The Forgotten Ones


The light was just beginning to fail as the sun set over the mountains. The mosquitoes were out in full force, hungrily swarming around us as we put on our jackets and quickly tried to cover up any exposed skin on our arms and legs. Heron’s Nest RV Park always teemed with bug life this time of night as it sat peacefully on the banks of the Colorado River. We had just finished serving dinner to about 20 people who lived in the park and that night it seemed everyone was about as hungry as the mosquitoes—our tall stack of pizza boxes sat completely empty.

Most people had wandered back to their campers after getting their food and now just a few of the residents were left waiting for us to sit down to study the Bible together. As we gathered around a table and began passing out Bibles to everyone, a Latino man walked up looking for food. One of our Spanish-speaking leaders greeted him warmly and apologized that we didn’t have any food left for him. He came over to sit with us, and pointing at the Bibles on the table, he said in Spanish, “It’s okay because this is the real food that I need.”

This story illustrates one of the things we have seen over and over again as we have ministered in Heron’s Nest: these people are hungry—hungry physically, hungry spiritually, and hungry for community. God first began to put this RV park on the heart of our team leader Lee back in the summer of 2018. It’s a quiet little community of roughly 50 RVs and fifth-wheels, tucked away down by the river, just off the interstate in Silt, Colorado but completely out of sight. People easily drive by it everyday and never realize it’s there. At least that’s how it was for us. Lee first got involved by partnering with a local non-profit to bring free lunches to the kids in the park on Fridays. As he interacted with them, it became clear that the kids desperately needed this food and would eagerly wait for Lee to come every week. As a mission team, we began reaching out to the residents by providing free dinners to the community once a week while offering a Bible study afterwards for those who were interested in discovering more about Jesus.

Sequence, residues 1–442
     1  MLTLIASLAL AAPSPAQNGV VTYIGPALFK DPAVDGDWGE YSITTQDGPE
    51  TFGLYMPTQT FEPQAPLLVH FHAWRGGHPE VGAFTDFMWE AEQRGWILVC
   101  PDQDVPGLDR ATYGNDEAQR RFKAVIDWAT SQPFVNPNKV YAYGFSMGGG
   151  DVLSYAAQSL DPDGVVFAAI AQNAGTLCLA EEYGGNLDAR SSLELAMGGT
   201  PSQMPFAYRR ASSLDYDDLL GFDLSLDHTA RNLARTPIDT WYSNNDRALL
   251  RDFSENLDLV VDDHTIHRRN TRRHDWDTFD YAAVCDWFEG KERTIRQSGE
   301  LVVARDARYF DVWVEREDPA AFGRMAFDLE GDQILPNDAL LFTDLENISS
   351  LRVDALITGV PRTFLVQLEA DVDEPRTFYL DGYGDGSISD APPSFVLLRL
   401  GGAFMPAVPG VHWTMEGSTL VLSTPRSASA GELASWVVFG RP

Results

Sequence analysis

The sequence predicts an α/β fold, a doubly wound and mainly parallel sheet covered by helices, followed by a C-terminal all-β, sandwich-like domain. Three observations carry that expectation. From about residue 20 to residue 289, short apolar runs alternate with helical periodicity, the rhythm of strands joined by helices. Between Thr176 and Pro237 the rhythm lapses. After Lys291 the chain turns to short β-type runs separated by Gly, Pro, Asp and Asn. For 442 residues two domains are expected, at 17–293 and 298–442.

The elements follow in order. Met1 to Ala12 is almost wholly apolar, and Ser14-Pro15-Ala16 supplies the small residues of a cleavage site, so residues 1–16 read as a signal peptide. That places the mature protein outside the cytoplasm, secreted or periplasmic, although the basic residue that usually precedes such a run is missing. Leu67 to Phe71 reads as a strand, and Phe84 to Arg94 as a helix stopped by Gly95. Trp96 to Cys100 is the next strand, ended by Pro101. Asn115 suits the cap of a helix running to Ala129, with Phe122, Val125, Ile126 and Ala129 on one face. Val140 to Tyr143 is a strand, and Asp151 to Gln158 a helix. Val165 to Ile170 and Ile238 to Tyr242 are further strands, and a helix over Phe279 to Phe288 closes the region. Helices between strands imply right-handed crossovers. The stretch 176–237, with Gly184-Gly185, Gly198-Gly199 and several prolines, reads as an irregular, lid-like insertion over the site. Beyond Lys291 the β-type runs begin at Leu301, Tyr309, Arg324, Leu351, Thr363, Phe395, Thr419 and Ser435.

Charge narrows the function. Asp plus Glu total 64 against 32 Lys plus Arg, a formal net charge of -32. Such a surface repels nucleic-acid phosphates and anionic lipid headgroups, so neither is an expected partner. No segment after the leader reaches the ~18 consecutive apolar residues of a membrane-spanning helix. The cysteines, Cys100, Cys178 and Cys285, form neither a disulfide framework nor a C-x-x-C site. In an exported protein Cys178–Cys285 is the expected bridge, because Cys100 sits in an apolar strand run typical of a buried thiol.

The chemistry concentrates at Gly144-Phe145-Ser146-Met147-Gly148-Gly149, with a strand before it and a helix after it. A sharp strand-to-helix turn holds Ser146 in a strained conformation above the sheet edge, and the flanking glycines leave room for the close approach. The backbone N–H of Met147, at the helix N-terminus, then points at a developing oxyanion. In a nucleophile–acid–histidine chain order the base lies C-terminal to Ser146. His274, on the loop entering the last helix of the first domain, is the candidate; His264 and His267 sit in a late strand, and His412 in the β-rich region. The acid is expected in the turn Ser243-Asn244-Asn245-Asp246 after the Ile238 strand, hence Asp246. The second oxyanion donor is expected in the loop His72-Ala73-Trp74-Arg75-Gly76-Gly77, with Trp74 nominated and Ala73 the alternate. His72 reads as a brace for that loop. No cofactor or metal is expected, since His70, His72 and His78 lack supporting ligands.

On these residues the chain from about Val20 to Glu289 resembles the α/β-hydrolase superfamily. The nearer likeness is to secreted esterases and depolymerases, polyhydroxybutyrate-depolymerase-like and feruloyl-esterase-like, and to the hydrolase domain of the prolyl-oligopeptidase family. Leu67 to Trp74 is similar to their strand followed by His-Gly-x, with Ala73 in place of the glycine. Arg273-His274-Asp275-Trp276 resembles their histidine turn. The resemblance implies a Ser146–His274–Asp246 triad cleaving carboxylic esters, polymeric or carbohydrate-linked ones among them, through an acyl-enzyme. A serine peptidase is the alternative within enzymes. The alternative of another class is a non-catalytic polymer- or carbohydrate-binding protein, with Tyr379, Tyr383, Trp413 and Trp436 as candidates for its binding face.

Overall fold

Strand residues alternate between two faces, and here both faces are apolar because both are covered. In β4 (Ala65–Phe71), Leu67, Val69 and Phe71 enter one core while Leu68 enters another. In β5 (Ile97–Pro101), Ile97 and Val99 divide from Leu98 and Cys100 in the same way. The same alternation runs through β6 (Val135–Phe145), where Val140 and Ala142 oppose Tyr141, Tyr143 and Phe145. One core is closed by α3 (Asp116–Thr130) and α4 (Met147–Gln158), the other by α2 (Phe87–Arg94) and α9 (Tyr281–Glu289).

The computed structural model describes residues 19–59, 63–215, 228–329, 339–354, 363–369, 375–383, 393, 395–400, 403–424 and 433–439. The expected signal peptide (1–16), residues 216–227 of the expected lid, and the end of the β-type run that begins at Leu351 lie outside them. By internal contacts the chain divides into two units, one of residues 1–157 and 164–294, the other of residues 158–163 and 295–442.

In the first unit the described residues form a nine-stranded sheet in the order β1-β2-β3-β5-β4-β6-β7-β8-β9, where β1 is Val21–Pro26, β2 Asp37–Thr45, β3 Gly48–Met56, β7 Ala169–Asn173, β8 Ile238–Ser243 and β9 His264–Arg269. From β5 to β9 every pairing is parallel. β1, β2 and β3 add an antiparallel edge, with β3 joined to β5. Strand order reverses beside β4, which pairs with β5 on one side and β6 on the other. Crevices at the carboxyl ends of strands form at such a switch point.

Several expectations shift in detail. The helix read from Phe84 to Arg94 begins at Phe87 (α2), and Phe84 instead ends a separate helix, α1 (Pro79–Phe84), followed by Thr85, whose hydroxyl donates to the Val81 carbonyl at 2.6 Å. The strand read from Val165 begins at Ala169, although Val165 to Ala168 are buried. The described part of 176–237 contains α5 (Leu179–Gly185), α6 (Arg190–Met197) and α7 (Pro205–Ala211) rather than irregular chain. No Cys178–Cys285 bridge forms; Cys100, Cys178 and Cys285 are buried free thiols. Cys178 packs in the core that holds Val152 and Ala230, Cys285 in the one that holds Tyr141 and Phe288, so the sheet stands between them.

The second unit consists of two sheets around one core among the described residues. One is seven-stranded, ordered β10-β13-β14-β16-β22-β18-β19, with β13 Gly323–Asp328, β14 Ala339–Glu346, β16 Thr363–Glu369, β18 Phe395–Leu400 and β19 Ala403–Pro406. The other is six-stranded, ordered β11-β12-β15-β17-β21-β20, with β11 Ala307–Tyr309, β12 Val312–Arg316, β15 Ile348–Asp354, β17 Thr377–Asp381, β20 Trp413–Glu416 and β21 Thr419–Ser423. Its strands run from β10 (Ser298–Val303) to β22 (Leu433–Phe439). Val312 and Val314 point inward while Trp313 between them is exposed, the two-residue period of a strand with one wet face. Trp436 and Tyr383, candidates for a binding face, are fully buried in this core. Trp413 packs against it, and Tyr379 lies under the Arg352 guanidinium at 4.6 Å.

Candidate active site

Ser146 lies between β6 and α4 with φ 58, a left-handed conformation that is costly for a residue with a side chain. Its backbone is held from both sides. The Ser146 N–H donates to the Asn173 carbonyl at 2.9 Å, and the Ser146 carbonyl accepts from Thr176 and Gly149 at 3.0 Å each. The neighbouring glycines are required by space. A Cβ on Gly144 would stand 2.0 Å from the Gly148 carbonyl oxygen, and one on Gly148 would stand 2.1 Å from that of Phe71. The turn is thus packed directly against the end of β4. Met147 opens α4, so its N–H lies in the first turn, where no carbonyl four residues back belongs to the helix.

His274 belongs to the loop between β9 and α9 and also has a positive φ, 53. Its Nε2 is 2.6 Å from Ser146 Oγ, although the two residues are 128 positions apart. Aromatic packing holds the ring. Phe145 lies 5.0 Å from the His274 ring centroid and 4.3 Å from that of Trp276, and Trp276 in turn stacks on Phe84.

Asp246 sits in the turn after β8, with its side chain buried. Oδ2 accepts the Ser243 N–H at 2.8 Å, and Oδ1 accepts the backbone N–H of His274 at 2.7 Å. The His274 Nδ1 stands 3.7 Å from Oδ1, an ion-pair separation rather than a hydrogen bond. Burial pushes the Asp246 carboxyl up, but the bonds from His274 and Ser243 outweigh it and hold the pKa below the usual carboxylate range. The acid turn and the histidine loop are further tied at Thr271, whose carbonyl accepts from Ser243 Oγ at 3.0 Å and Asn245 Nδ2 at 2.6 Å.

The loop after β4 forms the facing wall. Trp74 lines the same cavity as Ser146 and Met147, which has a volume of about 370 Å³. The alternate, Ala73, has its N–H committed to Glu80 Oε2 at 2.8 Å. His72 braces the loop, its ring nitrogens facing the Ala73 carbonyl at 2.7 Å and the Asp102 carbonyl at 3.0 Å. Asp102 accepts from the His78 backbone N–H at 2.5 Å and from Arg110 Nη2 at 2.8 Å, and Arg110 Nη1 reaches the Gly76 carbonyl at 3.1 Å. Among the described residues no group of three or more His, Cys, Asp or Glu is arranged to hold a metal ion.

One of the first weeks we served dinner, a resident told one of our leaders, “We are the forgotten ones. Nobody even knows we’re here." In the eight months since we have been ministering there, we have had six different residents die from things like liver failure and gangrene. One of these families who recently lost their husband and father pays exorbitant rates for electricity to heat their uninsulated RV because they are undocumented and it is the only place they can find to live. We hear rumors of multiple sex-offenders in the park and heavy methamphetamine usage among many of the residents. This is a place that screams hunger in every sense of the word—that desperate clawing to get something that will stop the pain or help you make it through one more day.

We have seen this kind of hunger before—in Uganda. We have seen the same kinds of deaths for the very same kinds of reasons. We have seen the same kinds of mental illnesses and manic episodes. We have seen the same kind of painful circumstances where people just can’t get ahead no matter what they do. It seems poverty dresses in the same garb no matter the culture it’s in. And ministry among the poor looks very much the same as well. 

The bottom line is that people need Jesus—yes, in Africa and right here in Colorado. In sleepy little towns like Silt. In quiet, hidden places like Heron’s Nest. In the margins and forgotten places of our communities that we drive by every day, never knowing that there are people right where we live who are hungry—for food, for friends, and for God’s life-giving Word.


Are you aware of the people around you who are hungry—those who are struggling physically, relationally, or spiritually? How could you discover the hidden needs in your community? Is God leading you to respond to these needs in some way?


Kerri and Andrew Meador lived in Uganda for 7 years before joining Novo staff. They currently serve with a Pioneering Initiatives Team (part of ChurchNEXT) in Colorado, but plan to form a new team and return to Uganda with Novo in the future.